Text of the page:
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Breaking down a whole chicken

To break down the chicken, start with the wings. Hold the chicken by one wing and use a sharp knife to cut underneath. Once you hit a socket, go straight through and it separates easily. Repeat with the second wing.

The legs are attached by a little skin between the breast and the thighs. Try and go right in between without cutting into the meat and make a slight cut. Just cut the skin. Put your thumbs in the cavity and your fingers on the back bone and crack it. Eventually you will see a knuckle popping out. That is where you want to start separating the legs from the carcass. Cut into the knuckle and cut straight back. Place the knife into the joint and pull; cut off any skin that is attaching the leg to the rest of the chicken. Repeat with the second wing.

Cut in between the backbone and breast. Use a couple of quick cuts to go through a couple of small bones. Take the back and crack it and then fold it back 180°. This easily exposes the neck. Go in on the side of the neck and cut through the bones (will use a bit of force). Do this on both sides. Pull the backbone out.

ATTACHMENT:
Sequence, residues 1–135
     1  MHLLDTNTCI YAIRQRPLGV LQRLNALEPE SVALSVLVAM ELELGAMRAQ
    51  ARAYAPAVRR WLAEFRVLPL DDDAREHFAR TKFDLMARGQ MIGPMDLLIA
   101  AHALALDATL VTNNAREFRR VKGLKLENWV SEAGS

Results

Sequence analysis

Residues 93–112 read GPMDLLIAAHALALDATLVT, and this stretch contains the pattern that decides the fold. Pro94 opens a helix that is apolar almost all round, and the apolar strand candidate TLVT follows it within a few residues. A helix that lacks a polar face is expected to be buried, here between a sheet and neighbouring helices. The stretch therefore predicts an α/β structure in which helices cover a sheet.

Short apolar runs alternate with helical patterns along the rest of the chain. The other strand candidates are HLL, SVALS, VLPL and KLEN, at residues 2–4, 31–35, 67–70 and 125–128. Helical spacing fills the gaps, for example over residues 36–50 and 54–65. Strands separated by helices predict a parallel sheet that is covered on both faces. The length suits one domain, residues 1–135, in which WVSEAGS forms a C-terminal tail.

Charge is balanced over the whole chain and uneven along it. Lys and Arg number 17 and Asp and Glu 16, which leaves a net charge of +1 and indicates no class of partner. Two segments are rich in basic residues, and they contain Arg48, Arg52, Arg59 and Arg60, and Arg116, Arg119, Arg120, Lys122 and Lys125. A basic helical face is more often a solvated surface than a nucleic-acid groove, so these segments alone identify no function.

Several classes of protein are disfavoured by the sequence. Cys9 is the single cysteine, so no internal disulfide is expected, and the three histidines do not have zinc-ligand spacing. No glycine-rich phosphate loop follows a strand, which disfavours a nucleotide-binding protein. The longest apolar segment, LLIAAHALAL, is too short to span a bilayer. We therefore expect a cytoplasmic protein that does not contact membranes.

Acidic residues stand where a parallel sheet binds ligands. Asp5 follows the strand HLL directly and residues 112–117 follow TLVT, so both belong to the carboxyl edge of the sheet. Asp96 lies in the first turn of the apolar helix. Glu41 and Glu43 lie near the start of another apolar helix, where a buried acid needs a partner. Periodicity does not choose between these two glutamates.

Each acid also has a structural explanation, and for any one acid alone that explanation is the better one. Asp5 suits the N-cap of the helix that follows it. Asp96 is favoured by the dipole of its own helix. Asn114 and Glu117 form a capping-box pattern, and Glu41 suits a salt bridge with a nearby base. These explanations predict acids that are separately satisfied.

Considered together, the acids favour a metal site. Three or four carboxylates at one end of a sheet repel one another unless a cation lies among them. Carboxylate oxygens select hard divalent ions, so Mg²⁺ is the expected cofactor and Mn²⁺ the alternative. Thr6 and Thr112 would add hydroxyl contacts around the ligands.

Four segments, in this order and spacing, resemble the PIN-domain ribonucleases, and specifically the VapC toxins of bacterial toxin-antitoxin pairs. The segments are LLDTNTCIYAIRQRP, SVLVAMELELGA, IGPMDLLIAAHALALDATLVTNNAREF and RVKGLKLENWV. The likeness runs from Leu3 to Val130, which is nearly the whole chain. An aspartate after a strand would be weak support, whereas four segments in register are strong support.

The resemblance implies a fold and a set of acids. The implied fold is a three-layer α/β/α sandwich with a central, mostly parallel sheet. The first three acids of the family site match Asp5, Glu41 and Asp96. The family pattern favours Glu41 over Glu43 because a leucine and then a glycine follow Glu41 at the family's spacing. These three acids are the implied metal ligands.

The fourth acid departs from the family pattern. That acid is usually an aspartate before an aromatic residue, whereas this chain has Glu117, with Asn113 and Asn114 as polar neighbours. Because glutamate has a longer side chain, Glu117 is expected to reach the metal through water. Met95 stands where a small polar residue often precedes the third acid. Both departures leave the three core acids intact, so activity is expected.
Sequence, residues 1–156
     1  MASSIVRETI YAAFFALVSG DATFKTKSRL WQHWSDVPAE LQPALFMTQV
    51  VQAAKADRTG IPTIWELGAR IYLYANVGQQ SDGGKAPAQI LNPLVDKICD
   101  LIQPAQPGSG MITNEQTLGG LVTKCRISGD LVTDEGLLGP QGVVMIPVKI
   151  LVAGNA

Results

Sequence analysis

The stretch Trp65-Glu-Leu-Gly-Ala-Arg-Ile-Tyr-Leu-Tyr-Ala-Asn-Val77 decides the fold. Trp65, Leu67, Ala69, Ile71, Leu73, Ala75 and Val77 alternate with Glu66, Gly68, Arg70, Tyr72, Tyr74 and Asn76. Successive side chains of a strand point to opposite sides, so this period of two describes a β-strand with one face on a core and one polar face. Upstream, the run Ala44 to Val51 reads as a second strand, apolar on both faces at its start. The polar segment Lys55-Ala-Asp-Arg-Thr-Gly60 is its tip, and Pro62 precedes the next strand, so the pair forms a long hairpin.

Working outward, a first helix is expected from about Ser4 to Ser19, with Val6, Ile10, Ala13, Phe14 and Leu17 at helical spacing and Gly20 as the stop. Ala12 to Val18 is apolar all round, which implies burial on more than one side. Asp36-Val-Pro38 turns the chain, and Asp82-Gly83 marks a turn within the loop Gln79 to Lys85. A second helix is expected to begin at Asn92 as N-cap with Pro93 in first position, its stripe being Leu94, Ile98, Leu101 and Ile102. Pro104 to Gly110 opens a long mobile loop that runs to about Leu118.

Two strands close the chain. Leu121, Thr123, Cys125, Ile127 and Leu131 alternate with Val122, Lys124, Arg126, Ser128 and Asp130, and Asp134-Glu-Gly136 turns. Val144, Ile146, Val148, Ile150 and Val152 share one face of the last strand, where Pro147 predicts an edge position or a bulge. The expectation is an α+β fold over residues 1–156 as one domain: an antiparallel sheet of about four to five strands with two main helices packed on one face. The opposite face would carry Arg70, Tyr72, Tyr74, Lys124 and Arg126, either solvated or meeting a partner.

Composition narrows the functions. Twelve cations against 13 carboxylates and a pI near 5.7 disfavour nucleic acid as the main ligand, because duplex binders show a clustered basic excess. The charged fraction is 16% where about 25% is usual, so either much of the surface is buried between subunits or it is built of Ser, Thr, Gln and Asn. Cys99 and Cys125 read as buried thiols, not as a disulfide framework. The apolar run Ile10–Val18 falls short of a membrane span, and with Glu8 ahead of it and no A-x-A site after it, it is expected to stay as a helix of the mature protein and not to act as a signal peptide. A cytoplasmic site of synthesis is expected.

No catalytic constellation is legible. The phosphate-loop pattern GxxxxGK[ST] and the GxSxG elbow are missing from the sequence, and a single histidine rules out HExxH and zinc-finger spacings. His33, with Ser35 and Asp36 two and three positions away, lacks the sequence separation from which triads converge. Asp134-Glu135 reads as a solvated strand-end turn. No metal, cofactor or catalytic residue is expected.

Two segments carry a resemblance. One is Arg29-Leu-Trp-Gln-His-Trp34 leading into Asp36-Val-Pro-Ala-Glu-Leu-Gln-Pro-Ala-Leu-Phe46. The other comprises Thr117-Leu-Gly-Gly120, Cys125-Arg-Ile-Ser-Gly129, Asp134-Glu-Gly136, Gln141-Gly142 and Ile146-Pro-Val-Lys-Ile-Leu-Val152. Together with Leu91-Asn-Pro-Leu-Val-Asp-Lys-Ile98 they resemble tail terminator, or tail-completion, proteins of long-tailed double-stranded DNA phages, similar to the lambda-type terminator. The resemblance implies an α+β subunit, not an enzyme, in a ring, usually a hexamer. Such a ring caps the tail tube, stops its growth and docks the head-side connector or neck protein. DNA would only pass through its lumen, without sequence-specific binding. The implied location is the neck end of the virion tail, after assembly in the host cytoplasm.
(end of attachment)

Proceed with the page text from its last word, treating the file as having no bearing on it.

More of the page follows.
Remove the extra small bones still remaining on the breast as well as any excess overlaying skin. Leave the breast on the rib cage for cooking.


What is the difference between mass quantity-produced factory-raised and farm-raised free-range chickens?

mass quantity-produced chicken Mass quantity-produced factory-raised chicken is more often than not injected with a saline solution to make them look plumper, loose a lot of liquid when you start cooking them, are stacked in small spaces and fed a lot of antibiotics to keep them from getting ill and usually they are unable to walk, which causes space and feeding issues. The process they go through when slaughtered and feathered often breaks bones and bruises the bird. They are oftentimes fed growth hormones to shorten growing time and produce more birds in less time. Because of this, the chickens do not have time to develop flavor the same as a free-range chicken does.

farm-raised free-range chicken Farm-raised free-range chickens have the freedom to walk around and a lot less chance of illness, they get to do what comes naturally to a chicken and are naturally fed and humanely treated. No growth hormones are given to the birds, so they have time to build more flavor into the meat.

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